This article was first published on Rails-to-Trails Conservancy’s TrailBlog on April 2, 2020. Under current stay at home orders in Pennsylvania, many trails remain open. In New Jersey, while many locally managed trails are open, those managed by the state and counties are currently closed. You can check trail status or find contact information for local trail managers at TrailLink.com. For additional resources about maintaining physical activity while social distancing during COVID-19, visit railstotrails.org/COVID19.
Right now, at least 261 million Americans are on orders to shelter-in-place or stay-at-home. The entire country is looking for ways to slow the spread of COVID-19, so extreme social distancing is in effect—meaning that we need to stay at home and leave our houses only for essential work and activities. For millions of people, this also includes outdoor exercise. And the search for safe ways to maintain wellness has led many people to outdoor places like parks and trails where they can walk, bike and be active.
On April 10, the CDC published recommendations for protecting oneself when visiting parks, trails and open spaces, so you can “Know Before You Go.”
- Staying 6 feet away from others at all times.
- Washing hands and using hand sanitizer.
- Not congregating with others outside your household.
- Avoiding playgrounds, water parks, or any and all crowded parks and trails
- Keeping close to home (only visiting locations that are within a short walk or bike ride of home and avoiding going to open spaces that require longer travel)
- Organized activities are not recommended.
The CDC further advises that people wear cloth face coverings (which can be made from household items) as an additional health measure in public settings, including outside spaces, where social distancing measures are difficult to maintain, and particularly in areas of significant community-based transmission.
As many people have flocked to their local trails for physical activity and solace at a safe social distance, resulting surges in trail use, have put significant pressure on the nation’s trail system, forcing many local elected officials and trail managers to close parks and trails, and limit facilities and services, to enforce social distancing measures.
Where trails are open—especially in areas where parks and other outdoor recreation facilities have closed—there has been an influx of new users and recognition that safe use and trail etiquette have never been so vital to the health of our nation.
“These activities make it clear that we’ve never needed our parks and public space as desperately as we do right now. But because it’s so hard to be social and practice social distancing at the same time, it’s going to take mindful behavior modification to adjust to the new reality,” wrote Inga Saffron in a March 23 Philadelphia Inquirer column.
So what does this mean right now?
“It’s about using good judgment on where and when we get our exercise outdoors, and how we engage—in a safe distance—with other trail users. We all need to follow the rules set by our local governments to keep ourselves and each other healthy and to keep our local trails open,” said Brandi Horton, spokesperson for Rails-to-Trails Conservancy (RTC). “In this ‘new normal’ that may be upon us for some time, the way we share the trail with each other, and keep our distance, will go hand in hand.”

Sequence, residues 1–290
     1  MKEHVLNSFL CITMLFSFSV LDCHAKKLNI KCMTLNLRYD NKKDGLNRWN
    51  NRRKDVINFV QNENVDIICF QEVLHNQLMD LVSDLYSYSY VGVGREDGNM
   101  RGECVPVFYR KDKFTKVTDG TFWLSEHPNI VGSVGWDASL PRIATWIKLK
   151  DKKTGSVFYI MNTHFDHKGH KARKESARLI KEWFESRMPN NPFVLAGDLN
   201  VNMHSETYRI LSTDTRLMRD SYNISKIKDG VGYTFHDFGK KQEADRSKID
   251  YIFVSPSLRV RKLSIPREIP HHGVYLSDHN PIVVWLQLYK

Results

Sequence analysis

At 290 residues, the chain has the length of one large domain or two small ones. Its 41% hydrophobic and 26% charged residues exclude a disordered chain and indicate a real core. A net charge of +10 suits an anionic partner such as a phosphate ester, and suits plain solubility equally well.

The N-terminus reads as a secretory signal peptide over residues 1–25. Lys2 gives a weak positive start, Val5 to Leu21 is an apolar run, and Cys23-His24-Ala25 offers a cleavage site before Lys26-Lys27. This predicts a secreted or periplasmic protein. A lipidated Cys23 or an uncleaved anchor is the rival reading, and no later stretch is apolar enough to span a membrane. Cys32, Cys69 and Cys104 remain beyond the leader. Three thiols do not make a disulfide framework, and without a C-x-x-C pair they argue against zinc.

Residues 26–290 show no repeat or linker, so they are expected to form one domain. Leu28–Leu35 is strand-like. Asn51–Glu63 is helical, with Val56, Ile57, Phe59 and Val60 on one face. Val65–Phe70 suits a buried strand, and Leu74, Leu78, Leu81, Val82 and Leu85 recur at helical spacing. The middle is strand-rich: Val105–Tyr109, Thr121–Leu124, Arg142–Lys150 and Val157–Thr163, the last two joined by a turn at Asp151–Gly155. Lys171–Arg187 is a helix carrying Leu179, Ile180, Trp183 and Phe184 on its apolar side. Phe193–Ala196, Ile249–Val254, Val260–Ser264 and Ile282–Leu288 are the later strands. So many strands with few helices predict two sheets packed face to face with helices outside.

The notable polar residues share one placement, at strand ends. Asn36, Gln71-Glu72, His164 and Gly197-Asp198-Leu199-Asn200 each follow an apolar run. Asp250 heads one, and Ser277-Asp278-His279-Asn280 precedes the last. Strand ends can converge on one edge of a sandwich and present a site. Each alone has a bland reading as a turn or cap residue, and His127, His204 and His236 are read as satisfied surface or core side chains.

Discovering Close-to-Home Trails for Safe Outdoor Activity
While many states and communities list outdoor exercise as an essential activity, they caution that people should find close to home opportunities to limit the spread of the virus, and to avoid the potential for issues that could put a strain on local emergency and medical resources. In some communities, trails and recreation facilities may have closed, limited services, and restricted vehicle access to mitigate crowding and to discourage visitors from outside the community. As a result, it is recommended that all trail users to check with local trail managers to confirm status of facilities prior to visiting, as well as with local government agencies for the most up-to-date public health guidance and laws
For those who are looking for places to be active outside and close to home, TrailLink, RTC’s free trail-finder website and mobile app, provides information on more than 37,000 miles of multiuse trails across the country. “ The website and mobile app include trail maps, walking and biking directions to local trails, contact information for local trail managers, and status updates on trail facilities.
Additionally, trail users can consult local government and trail-manager websites found in these descriptions as means to find other potential local pathways and nature trails.
Share-the-Trail Rules and Safety Tips
As many rail-trails around the country have experienced diverse trail use for decades—from bicycling and horseback riding, to walking and wheelchair use—RTC has long urged everyone to learn and use good trail etiquette at all times to ensure safe experiences for all trail users. As new users flock to the trails, and as individuals and families continue to look to trails for outdoor activity, this mandate has become all the more critical. Another element of good etiquette that is especially important as many facilities are experiencing limited staff and services, is to Leave No Trace--being mindful to carry out whatever you carry in with you to the trail or park.
RTC’s suite of resources includes extensive tips for safe social distancing, from staying 6 feet from others and avoiding groups, to washing and hand-sanitizing frequently, and leaving trails immediately if social distancing can’t be maintained.
- Use Safe Speeds.
- Keep Right, Pass Left.
- Standing Still? Stand Aside.
- Mind Your Pets.
- Be Alert.
- Know and Follow the Rules.